Professor examines effects of U.S. bases on Asian neighbors
CAMP RED CLOUD, South Korea — U.S. bases in South Korea and other parts of Asia will be the subjects of a book by a Brown University professor who visited Area I on Thursday.
Professor Catherine Lutz, who also is a research professor with the Watson Institute for International Research, has already published “Home Front: A Military City and the American 20th Century,” which looked at relations between Fort Bragg and the surrounding city of Fayetteville, N.C.
That book revealed that Fayetteville residents largely welcomed officers assigned to Bragg but were less accepting of enlisted soldiers, she said.
Now Lutz, who visited Pyongtaek and Seoul before touring Area I, is writing a book about U.S. bases in Guam, Okinawa and South Korea and about the after-effects of the U.S. presence in the Philippines.
“I’m trying to understand how the community relates to the military and vice versa,” she said.
It is the second trip to South Korea for Lutz, who began her research here two years ago and plans to return next year to gather more information.
The research has involved interviews with South Korean academics also studying U.S. bases on the peninsula, anti-American groups, other nongovernmental organizations and U.S. Forces Korea public affairs officials.
“Cultural awareness is now a big part of military doctrine. I also want to talk to soldiers about their experience with local culture and understand how they get oriented to local culture and what the difficulties and challenges are,” she said.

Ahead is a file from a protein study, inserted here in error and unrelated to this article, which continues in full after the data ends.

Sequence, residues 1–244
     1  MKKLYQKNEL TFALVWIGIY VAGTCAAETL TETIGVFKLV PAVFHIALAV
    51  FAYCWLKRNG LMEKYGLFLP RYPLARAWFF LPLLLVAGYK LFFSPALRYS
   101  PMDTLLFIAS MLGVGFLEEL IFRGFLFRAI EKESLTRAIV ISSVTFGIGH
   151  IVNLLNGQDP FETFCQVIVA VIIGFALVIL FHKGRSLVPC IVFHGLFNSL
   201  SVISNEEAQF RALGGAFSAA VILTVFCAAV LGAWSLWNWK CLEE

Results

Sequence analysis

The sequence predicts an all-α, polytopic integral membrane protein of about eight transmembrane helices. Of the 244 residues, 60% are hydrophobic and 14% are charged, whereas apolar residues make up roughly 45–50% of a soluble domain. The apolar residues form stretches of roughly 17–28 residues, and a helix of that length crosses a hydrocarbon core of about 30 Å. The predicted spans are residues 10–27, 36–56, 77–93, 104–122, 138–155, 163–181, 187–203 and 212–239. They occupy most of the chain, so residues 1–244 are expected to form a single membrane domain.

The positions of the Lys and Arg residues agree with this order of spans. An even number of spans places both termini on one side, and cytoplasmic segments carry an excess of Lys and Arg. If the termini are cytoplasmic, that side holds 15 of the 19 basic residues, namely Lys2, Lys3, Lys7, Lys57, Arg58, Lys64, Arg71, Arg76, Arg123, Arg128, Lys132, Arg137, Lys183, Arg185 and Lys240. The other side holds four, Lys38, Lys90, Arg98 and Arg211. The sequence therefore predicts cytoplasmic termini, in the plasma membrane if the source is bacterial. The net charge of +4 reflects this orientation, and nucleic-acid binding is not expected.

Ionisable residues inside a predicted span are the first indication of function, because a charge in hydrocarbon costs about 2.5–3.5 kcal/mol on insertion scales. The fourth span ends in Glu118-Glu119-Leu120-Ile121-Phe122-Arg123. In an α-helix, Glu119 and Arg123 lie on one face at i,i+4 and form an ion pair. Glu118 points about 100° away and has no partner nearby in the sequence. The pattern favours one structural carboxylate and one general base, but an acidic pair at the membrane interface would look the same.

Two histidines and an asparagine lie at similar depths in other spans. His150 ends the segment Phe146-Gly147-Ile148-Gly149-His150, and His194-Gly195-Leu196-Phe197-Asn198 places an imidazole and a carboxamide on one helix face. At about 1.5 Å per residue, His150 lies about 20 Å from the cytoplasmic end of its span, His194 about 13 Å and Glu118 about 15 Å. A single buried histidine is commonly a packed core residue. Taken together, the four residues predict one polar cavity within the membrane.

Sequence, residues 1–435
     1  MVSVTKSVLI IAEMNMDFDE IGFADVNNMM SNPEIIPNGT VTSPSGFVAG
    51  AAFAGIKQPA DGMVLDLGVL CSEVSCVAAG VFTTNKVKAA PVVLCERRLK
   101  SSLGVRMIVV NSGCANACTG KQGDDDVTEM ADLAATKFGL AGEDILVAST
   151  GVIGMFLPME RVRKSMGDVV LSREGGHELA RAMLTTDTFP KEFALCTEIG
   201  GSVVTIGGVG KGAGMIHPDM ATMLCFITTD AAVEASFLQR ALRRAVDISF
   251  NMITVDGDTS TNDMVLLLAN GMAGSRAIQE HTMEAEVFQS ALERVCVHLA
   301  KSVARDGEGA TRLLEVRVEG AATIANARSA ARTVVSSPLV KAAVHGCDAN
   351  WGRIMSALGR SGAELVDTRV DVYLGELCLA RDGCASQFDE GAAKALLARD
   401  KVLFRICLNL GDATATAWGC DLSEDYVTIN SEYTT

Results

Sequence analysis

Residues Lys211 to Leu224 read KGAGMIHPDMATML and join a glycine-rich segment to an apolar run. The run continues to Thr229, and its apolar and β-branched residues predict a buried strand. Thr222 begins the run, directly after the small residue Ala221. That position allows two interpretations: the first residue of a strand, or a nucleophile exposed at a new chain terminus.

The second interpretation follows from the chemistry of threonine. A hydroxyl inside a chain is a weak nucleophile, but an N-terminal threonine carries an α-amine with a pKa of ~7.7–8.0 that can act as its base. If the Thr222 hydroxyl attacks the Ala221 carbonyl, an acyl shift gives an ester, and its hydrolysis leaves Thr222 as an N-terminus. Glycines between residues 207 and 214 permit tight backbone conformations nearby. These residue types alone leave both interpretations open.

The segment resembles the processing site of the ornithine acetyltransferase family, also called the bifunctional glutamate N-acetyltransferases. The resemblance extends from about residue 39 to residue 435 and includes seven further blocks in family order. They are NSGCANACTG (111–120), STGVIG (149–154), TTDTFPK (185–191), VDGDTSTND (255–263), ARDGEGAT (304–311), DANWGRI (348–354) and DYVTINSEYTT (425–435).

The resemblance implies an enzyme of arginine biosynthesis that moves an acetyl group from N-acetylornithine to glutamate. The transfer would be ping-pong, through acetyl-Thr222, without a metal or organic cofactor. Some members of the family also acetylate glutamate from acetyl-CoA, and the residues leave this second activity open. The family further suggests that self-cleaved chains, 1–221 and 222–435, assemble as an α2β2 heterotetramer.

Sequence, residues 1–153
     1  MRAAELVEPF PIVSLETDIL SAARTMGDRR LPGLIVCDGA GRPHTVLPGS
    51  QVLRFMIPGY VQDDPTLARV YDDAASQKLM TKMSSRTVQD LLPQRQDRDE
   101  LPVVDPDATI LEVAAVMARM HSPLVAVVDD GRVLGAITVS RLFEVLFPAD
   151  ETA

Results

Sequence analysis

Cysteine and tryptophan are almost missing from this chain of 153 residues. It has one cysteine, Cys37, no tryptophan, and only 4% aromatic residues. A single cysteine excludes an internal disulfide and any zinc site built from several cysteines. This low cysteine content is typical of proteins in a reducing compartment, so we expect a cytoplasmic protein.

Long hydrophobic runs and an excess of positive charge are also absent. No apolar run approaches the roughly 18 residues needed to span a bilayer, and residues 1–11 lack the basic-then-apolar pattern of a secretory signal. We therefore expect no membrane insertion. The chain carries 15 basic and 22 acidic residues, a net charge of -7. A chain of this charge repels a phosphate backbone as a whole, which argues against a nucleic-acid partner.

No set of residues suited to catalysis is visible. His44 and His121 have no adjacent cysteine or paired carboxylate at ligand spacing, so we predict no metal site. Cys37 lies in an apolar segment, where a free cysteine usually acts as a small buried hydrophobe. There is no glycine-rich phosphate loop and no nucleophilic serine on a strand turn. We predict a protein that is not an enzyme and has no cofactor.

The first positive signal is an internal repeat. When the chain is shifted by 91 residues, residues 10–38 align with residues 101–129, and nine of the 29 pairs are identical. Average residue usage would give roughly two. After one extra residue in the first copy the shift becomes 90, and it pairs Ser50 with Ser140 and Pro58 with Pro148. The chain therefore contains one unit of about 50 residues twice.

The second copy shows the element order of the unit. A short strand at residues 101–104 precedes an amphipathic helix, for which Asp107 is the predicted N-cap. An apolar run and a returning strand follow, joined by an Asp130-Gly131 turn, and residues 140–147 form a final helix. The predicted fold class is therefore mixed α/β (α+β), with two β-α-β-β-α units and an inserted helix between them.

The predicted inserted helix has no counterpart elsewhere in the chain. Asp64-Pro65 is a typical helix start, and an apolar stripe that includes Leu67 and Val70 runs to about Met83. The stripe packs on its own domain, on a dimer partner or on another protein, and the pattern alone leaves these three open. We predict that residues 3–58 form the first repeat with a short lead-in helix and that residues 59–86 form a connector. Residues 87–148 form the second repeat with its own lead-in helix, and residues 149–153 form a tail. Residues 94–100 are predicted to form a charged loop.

So far, Lutz said, she has detected big differences between the U.S. domestic views of overseas bases and those of foreign communities hosting U.S. bases.
“There are some pretty sharp differences. Most Americans have a view of the situation here that is at odds with the way South Koreans see it. Americans see us as being very generous in our foreign policy and helping people out. A lot of South Koreans increasingly see us as here in a more self-interested way,” she said.
There are clear generational differences in South Korean attitudes toward U.S. forces, Lutz said.
“The older people have a more positive view of the American presence but they still worry about whether they are being respected. They don’t necessarily feel as if they receive enough respect from the Americans even if they appreciate their presence. Young people worry about South Korean sovereignty — that South Korea won’t be fully independent with the Americans having the military role that they have,” she said.